Without workflows, a PDM system is only a data repository, relying on humans to receive, review, assign and manage the document change and review process.
Records Management in PDM
PDM systems allow companies to automate records management. Access control limits or ACLs define who is allowed to access which documents, update them or review and approve new documents.
PDM software automatically records who access which document and when. PDM systems help companies comply with contractual requirements or government regulations on record retention, since all versions of the document are kept in the PDM database as they are updated. Backups of PDM systems ensure that records are properly retained long term.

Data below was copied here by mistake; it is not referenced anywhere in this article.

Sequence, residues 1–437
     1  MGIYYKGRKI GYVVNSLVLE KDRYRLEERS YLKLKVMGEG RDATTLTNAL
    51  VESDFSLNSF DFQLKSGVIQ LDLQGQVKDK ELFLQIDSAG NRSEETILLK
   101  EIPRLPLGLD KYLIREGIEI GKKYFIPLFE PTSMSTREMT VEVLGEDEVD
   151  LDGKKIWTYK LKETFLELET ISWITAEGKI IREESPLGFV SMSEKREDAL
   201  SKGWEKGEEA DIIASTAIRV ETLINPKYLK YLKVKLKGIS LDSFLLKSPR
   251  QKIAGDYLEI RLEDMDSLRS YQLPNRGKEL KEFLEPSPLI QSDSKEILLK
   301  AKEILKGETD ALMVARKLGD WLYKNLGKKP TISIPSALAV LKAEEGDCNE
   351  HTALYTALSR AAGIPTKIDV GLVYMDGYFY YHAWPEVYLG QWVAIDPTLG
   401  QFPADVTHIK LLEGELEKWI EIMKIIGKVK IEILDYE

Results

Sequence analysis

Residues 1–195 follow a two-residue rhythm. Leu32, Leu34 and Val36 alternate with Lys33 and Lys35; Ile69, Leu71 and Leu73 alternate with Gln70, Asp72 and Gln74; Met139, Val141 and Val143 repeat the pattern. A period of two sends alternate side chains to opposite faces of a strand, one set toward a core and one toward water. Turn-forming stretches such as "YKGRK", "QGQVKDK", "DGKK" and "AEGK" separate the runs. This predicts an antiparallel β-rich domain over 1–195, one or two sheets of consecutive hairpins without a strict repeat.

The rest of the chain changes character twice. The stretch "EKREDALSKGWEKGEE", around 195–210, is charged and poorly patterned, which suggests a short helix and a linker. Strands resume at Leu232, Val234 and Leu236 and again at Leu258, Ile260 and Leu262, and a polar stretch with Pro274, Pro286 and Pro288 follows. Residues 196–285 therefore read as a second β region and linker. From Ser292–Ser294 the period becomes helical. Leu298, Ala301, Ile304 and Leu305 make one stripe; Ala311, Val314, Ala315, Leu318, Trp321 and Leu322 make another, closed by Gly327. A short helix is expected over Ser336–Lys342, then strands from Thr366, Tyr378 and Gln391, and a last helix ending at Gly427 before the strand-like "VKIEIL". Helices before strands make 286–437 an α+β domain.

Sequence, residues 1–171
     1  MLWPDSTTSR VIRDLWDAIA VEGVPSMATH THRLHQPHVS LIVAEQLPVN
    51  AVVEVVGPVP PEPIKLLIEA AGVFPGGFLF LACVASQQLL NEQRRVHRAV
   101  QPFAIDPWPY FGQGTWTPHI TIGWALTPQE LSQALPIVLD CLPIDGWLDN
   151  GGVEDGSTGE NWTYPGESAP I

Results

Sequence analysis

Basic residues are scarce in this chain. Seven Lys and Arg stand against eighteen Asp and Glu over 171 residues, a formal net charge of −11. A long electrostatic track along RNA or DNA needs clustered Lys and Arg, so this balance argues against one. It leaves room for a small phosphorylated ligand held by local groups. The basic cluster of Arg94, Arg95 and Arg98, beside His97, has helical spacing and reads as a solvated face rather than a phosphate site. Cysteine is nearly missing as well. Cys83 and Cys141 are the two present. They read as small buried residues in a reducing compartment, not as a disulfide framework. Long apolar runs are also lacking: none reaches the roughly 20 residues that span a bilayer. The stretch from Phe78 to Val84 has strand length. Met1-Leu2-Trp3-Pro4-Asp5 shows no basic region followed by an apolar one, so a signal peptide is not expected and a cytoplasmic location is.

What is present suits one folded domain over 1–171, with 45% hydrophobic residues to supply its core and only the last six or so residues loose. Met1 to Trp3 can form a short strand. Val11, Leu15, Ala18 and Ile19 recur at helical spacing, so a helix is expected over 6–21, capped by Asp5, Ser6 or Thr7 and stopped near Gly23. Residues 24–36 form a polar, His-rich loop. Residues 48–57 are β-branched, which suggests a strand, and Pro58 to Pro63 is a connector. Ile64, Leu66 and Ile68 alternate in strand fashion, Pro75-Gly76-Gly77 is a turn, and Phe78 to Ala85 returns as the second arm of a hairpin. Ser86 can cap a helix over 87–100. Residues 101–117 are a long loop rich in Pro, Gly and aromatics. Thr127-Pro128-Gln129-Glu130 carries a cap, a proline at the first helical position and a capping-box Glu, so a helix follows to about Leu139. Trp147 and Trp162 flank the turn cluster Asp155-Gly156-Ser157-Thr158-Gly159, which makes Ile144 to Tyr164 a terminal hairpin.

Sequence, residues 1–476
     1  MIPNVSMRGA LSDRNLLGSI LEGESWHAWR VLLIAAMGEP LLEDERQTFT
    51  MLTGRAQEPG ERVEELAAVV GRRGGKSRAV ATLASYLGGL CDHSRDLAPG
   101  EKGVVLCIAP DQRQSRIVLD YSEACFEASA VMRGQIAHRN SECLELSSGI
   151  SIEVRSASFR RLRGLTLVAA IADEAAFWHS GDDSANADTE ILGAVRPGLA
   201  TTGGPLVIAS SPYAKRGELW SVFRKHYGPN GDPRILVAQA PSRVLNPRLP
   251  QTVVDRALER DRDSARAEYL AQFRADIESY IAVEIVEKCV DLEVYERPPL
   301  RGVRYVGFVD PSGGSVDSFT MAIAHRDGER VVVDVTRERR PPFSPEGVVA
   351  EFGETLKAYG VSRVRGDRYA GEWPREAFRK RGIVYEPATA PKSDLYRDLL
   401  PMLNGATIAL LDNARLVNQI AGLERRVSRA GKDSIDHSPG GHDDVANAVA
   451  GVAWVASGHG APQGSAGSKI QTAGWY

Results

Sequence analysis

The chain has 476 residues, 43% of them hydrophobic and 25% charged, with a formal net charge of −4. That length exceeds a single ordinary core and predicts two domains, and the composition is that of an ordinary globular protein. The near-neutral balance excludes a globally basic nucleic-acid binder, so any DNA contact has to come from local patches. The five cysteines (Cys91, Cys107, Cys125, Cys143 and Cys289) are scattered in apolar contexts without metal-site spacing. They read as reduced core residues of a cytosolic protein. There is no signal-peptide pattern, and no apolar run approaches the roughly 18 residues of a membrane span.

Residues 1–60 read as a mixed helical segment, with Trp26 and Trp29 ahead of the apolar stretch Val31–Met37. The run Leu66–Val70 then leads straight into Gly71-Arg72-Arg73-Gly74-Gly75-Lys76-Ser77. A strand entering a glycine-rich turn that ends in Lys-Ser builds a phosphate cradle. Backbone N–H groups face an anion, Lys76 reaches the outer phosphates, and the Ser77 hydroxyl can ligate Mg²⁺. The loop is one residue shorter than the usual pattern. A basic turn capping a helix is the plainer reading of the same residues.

PDM systems simplify record holds, since all of the information is in the database, and reports can be generated to create lists of documents related to a specific project or contract. When records disposition is required, PDM systems record the deletion of records and by whom. Many PDM systems place very tight controls on record deletion, preventing general users from deleting records to hide evidence.
Benefits of PDM
PDM software and PDM databases eliminate paper drawings. Users no longer need to print out drawings and pass them around the shop floor. These documents are available to any user with access to the PDM tool, no matter where they are located. Everyone who searches for drawings and documents in the PDM system see the latest released version and may be informed that another version is in work.